What has the G20 done for low-income countries lately? Qua collective, awkwardly little.
From a global development perspective, the G20’s Brisbane summit was notable for two main things. First, it drew praise for adding some momentum to the multilateral climate change negotiations, thanks in large part to announcements by the United States and China, even if this outcome was unexpected and unwanted by the summit’s host government. Second, although the summit’s various outputs are replete with ritual references to “inclusive growth”, it disappointed civil society groups by trumpeting growth targeting while eschewing equity targeting.
The first of the above outcomes might prove positive for low-income countries, if momentum does in fact build over the year leading to the watershed Paris climate conference in December 2015. (Post-summit developments are encouraging.) The second might prove negative, if one thinks that equity targeting inside the G20 would have influenced policy outside it—perhaps by giving a benediction to something like the inequality reduction goal proposed [pdf] by the UN’s Open Working Group on Sustainable Development Goals. But what outcomes were delivered for low-income countries in the areas in which outcomes had actually been promised?
The G20 has been running a ‘development agenda’ [pdf] for four years now, supported by a Development Working Group of senior officials. This agenda aims, as leaders said at their Pittsburgh summit, to ‘reduce the development gap’ between G20 members and low-income countries. Framed initially by the Seoul Development Consensus (2010) and subsequently by the Saint Petersburg Development Outlook [pdf] (2013), the agenda has changed shape over time. For example, social protection, a founding priority, was dropped in 2013. The development agenda currently involves various ‘actions’ in five topic areas: food security, financial inclusion (including migrants’ remittances), infrastructure, human resource development and domestic resource mobilisation.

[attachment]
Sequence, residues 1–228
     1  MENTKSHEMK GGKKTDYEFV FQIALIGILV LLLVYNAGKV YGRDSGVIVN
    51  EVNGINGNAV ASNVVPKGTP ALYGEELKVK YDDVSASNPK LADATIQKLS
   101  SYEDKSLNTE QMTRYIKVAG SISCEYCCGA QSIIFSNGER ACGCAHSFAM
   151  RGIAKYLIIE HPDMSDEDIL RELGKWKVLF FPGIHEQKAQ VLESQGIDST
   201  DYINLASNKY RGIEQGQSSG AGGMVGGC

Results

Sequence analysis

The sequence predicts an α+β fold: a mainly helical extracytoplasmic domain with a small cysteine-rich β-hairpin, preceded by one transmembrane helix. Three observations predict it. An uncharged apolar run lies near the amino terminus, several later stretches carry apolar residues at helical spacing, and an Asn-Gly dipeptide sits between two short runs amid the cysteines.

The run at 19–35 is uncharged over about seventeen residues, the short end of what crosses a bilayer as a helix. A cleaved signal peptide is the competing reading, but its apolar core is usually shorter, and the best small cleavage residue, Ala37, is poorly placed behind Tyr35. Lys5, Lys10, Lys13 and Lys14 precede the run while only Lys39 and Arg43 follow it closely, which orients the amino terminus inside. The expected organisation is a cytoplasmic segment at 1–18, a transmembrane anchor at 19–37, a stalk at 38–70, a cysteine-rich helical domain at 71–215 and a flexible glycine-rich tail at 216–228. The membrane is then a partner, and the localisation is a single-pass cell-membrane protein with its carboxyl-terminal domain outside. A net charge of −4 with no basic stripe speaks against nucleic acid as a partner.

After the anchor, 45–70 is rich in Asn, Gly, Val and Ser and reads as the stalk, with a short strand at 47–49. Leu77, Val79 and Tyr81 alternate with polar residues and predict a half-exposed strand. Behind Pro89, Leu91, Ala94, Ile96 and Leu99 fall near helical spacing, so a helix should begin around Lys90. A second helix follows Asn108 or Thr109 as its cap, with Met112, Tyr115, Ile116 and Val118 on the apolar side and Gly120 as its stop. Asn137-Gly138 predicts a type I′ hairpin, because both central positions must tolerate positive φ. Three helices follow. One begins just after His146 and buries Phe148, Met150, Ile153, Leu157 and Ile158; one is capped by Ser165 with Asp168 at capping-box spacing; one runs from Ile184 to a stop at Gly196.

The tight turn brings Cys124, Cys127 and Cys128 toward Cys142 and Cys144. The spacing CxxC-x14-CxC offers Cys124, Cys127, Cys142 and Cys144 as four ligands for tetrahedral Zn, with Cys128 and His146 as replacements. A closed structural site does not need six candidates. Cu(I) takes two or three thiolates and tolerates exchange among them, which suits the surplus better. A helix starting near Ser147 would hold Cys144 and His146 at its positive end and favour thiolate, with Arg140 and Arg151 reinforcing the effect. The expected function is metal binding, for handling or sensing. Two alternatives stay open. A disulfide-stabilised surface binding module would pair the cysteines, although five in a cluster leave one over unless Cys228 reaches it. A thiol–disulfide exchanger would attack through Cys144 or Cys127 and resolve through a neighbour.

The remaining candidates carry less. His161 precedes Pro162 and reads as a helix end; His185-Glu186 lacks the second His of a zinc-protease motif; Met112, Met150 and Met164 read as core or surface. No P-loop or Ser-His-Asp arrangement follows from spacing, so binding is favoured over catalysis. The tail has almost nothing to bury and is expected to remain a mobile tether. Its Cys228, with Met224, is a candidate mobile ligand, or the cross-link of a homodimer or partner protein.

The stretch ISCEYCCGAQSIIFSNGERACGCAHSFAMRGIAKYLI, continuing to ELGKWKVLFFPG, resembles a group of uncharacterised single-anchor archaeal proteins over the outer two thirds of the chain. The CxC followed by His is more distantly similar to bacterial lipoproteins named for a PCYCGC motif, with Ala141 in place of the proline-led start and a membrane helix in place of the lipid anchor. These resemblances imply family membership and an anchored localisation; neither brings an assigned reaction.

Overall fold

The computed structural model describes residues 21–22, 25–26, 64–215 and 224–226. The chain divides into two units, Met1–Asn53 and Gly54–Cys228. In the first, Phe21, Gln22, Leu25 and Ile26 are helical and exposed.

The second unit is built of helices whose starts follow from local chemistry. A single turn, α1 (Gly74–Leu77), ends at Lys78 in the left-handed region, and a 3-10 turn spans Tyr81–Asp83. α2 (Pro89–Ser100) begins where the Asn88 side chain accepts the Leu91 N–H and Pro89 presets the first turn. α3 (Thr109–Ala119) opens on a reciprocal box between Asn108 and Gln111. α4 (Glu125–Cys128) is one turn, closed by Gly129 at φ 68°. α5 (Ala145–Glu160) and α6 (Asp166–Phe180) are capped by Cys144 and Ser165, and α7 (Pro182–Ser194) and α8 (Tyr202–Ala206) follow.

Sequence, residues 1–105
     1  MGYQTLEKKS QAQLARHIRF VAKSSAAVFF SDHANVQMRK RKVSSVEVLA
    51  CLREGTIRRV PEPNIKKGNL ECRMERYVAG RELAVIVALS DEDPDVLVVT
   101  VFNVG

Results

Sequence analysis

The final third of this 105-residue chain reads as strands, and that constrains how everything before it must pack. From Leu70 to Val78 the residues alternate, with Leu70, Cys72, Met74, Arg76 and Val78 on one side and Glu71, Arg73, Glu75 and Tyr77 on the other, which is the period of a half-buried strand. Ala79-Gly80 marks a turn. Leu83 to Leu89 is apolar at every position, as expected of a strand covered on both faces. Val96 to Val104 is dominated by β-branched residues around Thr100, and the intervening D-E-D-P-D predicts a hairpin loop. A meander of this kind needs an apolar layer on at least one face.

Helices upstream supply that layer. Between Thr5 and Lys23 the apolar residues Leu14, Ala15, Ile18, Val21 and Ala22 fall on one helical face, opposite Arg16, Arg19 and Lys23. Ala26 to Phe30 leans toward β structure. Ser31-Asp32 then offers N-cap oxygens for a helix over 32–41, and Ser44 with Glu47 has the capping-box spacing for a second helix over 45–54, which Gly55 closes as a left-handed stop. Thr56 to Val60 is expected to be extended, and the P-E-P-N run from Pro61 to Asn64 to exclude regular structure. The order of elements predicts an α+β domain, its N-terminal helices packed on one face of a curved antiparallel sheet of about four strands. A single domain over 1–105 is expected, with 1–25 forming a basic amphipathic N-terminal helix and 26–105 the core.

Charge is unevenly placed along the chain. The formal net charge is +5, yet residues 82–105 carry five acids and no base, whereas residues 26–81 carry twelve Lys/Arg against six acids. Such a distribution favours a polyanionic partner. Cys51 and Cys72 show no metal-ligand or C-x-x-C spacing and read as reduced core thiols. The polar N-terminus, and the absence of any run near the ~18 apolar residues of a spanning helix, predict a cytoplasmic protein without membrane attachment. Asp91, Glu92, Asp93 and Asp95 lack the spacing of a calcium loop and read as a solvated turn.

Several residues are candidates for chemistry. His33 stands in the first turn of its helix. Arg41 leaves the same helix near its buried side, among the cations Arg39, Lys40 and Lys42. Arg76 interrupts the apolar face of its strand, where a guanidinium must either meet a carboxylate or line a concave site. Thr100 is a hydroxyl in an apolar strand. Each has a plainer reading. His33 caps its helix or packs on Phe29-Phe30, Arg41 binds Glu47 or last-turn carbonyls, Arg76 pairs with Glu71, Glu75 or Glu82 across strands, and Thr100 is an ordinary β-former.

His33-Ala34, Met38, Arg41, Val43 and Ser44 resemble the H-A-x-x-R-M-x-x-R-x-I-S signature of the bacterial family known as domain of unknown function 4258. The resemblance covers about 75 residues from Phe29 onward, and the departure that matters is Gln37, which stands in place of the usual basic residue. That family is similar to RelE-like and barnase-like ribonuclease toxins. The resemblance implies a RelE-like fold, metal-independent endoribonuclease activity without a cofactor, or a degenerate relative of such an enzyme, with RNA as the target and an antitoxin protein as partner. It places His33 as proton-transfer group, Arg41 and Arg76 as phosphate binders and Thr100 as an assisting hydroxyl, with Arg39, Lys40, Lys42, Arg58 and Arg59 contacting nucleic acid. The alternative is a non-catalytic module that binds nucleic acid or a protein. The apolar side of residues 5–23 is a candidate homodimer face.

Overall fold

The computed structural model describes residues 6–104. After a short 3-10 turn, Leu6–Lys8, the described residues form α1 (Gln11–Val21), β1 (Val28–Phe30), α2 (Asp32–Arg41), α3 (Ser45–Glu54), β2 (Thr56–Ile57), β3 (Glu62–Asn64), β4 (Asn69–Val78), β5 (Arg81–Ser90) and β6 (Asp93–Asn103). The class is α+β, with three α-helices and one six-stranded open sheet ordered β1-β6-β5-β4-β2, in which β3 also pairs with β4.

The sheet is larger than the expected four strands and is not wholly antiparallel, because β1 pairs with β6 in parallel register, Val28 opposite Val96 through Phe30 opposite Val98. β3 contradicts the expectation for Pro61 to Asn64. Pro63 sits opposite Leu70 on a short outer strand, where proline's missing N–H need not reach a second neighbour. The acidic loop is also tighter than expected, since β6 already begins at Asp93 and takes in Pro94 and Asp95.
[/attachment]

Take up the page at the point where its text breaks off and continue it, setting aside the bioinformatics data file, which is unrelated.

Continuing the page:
Under Australia’s presidency, priority was accorded [pdf] to three of the five topics above, namely infrastructure, domestic resource mobilisation and financial inclusion. (In practice, the line was, ‘we have three priorities, and two other priorities’.) These three topics were preferred on the basis that the G20 wanted to be in a position to ‘integrate’ development considerations into its wider concerns. Those wider concerns include inadequate long-term financing for infrastructure and tax-base erosion but not in fact, for a majority of members, access to financial services for their own poorer citizens. The latter topic was simply difficult to downgrade in priority.
So, in Brisbane, what happened in these three ‘mainstream’ areas?
First, the world will now be equipped with an ‘infrastructure hub’, which reportedly will operate in Sydney for a fixed period of four years with US$10‑15 million in annual funding provided mostly by Australia. This mechanism essentially aims [pdf] to link investors with projects, including by centralising information on project pipelines. While not pitched as an international development facility, it looks likely to operate as one. The need for it appears to have been entirely undemonstrated, no matter that it was politely welcomed by the international financial institutions who are already quite busy in this field.
Second, the G20 made a general commitment [pdf] to help low-income countries participate in and benefit from its efforts to address tax-base erosion within the G20 area—while also noting advice from the OECD that one of the biggest revenue-killers for low-income countries, not actually prevalent within the G20, is the practice of granting tax holidays willy-nilly to foreign firms. The G20’s actions in support of this commitment tend to the dull, comprising studies, the preparation of policy ‘toolkits’ and the provision of technical assistance in tax administration.